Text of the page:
ter an illness lasting only from Satur
day. Miss Denny was boru in the Waldo
Hill. Feb- 14. 1H59. the dav in which
Although there is no real estate move
ment urouud St. Paul, there have been
several smull deals in city property of
. n... r i a: 1 1.1 t.
" - , ..... ..... : i'ihii. tr. .1. .1. urivf r. uiir iiu.tv uiuuii'.
in lnw nn.1 libepnl nrts lnut venr l,n -Oregon Detnme a Plate, one receivcu -- -
tlvrihU That Zl Z Mnall education in the school nearomith and l.orsesl.oer, has purchased the
tossed His nat into tne political ring as , , J v;nmtt rtim mwl nrnnertv he hun heen occunv-
an aspirant to aldcrmanic honors. Hwi"" ' u. t,l u th i ni.f from I'eter McDonalil. Mr. E. L.
For fifteen years she followed the
vocation of teaching, in which she prov
ed very successful. She then returned
to the home place where she has since
made her home with her brothcrErnest
and sister. Miss Clara, who with her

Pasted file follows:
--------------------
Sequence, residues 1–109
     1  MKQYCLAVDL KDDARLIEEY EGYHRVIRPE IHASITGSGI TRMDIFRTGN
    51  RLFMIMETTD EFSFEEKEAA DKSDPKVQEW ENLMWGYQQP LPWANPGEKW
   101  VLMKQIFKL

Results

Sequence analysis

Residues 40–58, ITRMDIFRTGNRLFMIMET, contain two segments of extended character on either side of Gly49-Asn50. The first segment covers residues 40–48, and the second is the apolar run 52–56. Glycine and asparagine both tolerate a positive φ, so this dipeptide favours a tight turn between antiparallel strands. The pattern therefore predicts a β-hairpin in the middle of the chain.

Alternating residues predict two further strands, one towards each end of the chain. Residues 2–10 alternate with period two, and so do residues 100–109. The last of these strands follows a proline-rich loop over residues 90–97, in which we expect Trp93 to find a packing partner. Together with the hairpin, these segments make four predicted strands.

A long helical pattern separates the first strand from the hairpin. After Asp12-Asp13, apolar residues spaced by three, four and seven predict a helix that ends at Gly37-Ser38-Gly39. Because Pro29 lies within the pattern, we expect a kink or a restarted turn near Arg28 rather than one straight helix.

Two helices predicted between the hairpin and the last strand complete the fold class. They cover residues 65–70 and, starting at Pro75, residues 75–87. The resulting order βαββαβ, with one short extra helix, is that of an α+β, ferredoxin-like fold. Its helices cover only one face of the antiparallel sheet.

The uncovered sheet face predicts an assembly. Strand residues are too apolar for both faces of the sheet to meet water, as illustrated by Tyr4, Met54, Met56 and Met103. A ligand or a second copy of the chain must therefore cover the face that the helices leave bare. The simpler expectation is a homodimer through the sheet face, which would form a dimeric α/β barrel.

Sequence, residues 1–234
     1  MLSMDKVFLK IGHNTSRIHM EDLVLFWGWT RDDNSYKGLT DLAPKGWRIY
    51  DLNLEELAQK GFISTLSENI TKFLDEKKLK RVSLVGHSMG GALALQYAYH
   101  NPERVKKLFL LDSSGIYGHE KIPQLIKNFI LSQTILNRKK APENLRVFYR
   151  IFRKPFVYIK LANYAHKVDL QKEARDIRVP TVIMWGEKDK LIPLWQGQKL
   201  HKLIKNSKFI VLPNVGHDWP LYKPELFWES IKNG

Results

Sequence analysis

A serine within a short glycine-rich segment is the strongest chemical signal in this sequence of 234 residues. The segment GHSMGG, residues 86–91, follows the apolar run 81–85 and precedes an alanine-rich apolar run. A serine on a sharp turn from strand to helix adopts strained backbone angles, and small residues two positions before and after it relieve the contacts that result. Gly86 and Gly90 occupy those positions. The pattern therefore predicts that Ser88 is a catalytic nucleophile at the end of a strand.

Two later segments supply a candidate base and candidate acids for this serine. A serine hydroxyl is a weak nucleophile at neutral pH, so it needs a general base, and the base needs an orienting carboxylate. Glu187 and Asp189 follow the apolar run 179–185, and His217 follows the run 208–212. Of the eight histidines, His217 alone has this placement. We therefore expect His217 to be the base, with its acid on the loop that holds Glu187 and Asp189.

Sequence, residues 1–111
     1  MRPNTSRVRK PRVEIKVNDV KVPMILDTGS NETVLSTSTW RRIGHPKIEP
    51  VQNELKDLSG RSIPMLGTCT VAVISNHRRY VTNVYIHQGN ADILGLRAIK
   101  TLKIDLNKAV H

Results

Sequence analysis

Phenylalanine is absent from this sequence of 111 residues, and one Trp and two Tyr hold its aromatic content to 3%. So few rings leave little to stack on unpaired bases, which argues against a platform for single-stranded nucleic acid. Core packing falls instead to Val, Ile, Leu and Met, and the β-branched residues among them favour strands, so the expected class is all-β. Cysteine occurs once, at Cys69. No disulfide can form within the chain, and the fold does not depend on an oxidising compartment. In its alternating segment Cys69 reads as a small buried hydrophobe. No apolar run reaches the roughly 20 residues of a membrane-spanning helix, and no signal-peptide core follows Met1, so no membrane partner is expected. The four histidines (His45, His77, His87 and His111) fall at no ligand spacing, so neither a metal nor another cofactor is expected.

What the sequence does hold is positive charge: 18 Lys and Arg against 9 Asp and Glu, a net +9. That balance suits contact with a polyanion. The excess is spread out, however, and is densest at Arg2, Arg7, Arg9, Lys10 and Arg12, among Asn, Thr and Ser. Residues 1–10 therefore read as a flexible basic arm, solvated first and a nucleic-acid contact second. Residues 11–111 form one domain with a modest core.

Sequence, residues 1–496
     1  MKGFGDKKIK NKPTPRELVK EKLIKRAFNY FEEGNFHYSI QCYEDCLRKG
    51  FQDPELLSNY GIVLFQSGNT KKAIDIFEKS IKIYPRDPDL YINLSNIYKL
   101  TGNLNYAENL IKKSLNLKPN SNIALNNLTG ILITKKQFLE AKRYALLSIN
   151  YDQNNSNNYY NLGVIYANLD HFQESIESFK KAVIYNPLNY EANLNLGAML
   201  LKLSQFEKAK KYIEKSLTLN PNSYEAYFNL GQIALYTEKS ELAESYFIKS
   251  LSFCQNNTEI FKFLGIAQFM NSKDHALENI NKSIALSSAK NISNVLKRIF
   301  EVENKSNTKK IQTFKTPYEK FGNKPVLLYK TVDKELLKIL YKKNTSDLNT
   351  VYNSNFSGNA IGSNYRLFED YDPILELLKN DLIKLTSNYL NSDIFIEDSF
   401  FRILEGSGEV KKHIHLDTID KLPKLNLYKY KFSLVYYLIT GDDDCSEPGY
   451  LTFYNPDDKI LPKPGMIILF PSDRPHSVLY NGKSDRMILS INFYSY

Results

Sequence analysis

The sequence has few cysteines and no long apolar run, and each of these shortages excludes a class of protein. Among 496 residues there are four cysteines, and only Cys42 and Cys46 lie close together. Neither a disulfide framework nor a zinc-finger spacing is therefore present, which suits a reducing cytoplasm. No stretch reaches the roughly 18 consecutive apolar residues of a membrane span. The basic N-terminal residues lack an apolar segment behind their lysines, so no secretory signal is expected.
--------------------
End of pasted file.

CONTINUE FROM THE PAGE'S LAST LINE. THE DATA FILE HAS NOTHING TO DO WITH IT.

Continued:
Betting Even Money
On Election Now
New York, Oct. 2S. The first large
sized election wager to be made at
eve money was reported in Wall
Street today. It was b a wealthy
democraat of Goldfield, Nevada, who
if said to have placed $25,000 at even
money on the president's re-election.
Berne wagers were being placed at
odds of 10 to 0 on Hughes, but business
was small.
Ten to Nina On Wilson.
Pan Francisco, Oct. 28. John Cole
iosn, a local sporting man, today bet
$0,000 on Hughes to win at the presi-
' I
Woodburn Business
Mens Ticket Put Up
Woodburn,.. Or., Oct. 28.--At a meet
ing of the business men of Woodburn
today the following city ticket was
placed in nominaation to be voted upon
at the municipal election November 7:
Mayor, John F. Steelhamnier; council
men, M. J. Olson and W. H. Broyles;
recorder, G. H. Becbe; treasurer, H. M.
From a preliminary survey of the Wil
lamette field which it is the function of
the junior class to mirror in the Wallu
lah each year, there is no room for
doubt that this year's annual bids fair
to he a very creditable production. As
editors. Errol Proctor, soldier of Com
pany M fame, athlete, social lion and
all-around favorite, has mapped out a
"dummy" which is teaming with the
spirit that makes old Willamette fa
mous. That work may be systematized in